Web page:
# Thread: tayor series

1. ## tayor series

Let f(x) = log(1 + x).

Let
f : R--->R be infinitely differentiable. Prove or disprove the following two statements.
(i) ‘The Taylor series of
f always converges for at least one point.’

(ii) ‘The Taylor series of
f always converges to the function for at least two points.’

I don't understand this question so can you please help?

thanks

2. Originally Posted by charikaar
Let f(x) = log(1 + x).

Let
f : R--->R be infinitely differentiable. Prove or disprove the following two statements.
(i) ‘The Taylor series of
f always converges for at least one point.’

(ii) ‘The Taylor series of
f always converges to the function for at least two points.’

I don't understand this question so can you please help?

thanks
Try finding the Taylor series first...

Assume that $f(x)$ can be expressed as a polynomial.

Then $\ln{(1 + x)} = a + bx + cx^2 + dx^3 + \dots$.

By letting $x = 0$ we see that $a = 0$.

Take the derivative of both sides

$(1 + x)^{-1} = b + 2cx + 3dx^2 + 4ex^3 + \dots$.

By letting $x = 0$ we see that $b = 1$.

Take the derivative of both sides

$-(1 + x)^{-2} = 2c + 3!dx + 4\cdot 3 ex^2 + 5\cdot 4 fx^3 + \dots$.

By letting $x = 0$ we see that $2c = -1$ and so $c = -\frac{1}{2}$.

Take the derivative of both sides

$2(1 + x)^{-3} = 3!d + 4! ex + 5 \cdot 4 \cdot 3 fx^2 + 6\cdot 5 \cdot 4 gx^3 + \dots$.

By letting $x = 0$ we see that $3!d = 2$, so $d = \frac{2}{3!} = \frac{1}{3}$.

Take the derivative of both sides

$-3!(1 + x)^{-4} = 4!e + 5!fx + \dots$

By letting $x = 0$ we see that $4!e = -3!$ and so $d = -\frac{1}{4}$.

You should be able to see that if we were to keep going we would have

$\ln{(1 + x)} = x - \frac{1}{2}x^2 + \frac{1}{3}x^3 - \frac{1}{4}x^4 + \dots$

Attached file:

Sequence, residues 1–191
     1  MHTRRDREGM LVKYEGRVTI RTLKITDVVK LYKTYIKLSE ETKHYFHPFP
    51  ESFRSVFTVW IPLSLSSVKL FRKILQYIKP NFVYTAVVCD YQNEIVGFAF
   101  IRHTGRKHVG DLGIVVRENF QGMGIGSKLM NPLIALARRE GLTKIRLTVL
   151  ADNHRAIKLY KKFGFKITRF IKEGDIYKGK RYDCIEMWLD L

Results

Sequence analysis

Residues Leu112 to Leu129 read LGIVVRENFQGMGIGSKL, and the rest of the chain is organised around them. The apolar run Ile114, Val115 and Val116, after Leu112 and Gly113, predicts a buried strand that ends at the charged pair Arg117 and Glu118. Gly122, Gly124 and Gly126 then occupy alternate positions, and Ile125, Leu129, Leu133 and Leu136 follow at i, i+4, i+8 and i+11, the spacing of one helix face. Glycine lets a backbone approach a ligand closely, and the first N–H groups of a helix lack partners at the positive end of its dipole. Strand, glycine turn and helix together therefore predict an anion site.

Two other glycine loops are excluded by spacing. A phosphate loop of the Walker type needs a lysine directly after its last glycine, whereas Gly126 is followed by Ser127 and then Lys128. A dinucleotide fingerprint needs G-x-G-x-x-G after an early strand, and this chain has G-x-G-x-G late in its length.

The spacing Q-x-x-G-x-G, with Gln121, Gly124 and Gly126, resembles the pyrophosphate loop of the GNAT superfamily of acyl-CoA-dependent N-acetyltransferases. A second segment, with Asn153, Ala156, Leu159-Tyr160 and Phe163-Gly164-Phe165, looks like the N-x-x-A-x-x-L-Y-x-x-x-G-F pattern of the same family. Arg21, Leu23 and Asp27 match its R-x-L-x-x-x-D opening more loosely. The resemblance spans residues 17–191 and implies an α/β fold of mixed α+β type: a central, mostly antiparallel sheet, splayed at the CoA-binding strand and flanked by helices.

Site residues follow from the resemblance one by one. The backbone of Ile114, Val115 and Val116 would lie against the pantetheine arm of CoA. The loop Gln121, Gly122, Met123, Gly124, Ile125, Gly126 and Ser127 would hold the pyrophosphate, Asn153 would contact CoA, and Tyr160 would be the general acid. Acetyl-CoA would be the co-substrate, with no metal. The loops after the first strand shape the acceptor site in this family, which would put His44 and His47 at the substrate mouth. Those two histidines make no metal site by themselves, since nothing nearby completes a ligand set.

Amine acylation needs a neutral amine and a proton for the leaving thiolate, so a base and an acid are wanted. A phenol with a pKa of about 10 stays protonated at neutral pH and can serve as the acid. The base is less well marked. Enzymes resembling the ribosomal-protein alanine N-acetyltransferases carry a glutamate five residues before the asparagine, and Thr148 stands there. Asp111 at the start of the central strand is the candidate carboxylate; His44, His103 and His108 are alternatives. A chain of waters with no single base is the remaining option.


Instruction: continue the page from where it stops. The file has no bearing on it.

$= \sum_{n = 1}^{\infty}\frac{(-1)^{n + 1}x^n}{n}$.

Can you find for which values of $x$ that this series will converge for?

Hint: A geometric series converges for $|r| < 1$...

3. Originally Posted by charikaar
Let f(x) = log(1 + x).

Let
f : R--->R be infinitely differentiable. Prove or disprove the following two statements.
(i) ‘The Taylor series of
f always converges for at least one point.’

(ii) ‘The Taylor series of
f always converges to the function for at least two points.’

I don't understand this question so can you please help?

thanks
What, exactly, is the question? You first say "Let f(x) = log(1 + x)" and then say "Let f : R--->R be infinitely differentiable". Which is it? log(1+ x) is not defined for $x\le -1$. If that is the function in question, then it is easy to show, perhaps by actually calculating its Taylor's series about some x= a, as Prove It does, that its Taylor's series converges for all x in it radius of convergence.

If the problem is to determine whether the Taylor's series of any infinitely differentiable function converges to the function value in at least one x value, then look at the general formula for the Taylor's series, at x= a,
$\sum_{n=0}^\infty \frac{f^{(n)}(a)}{n!}(x-a)^n$
and see what happens if x= a.

If the problem is to determine whether the Taylor's series of any infinitely differentiable function converges to the function value in at least two x values, then that is much harder.

Look at the function
$f(x)= e^{-\frac{1}{x^2}}$ is $x\ne 0$
f(0)= 0

It's not too difficult to show that all derivatives exist at 0: its derivatives, of all orders, for x not 0, are $e^{-\frac{1}{x^2}}$ over a polynomial in x. As x goes to 0, the exponential "dominates" and so this goes to 0. Taking the nth derivative to be 0 at x= 0 gives us an infinitely differentiable function. But its derivative is 0 at x= 0 for all orders of derivative so its Taylor's series at x= 0 is just
$\sum_{n= 0}^\infty \frac{0}{n!}x^n= 0+ 0+ 0+ \cdot\cdot\cdot$.

That clearly converges, to 0, for all x but $f(x)\ne 0$ except at x= 0.

4. Thank you very much for your replies.

Please ignore Let f(x) = log(1 + x).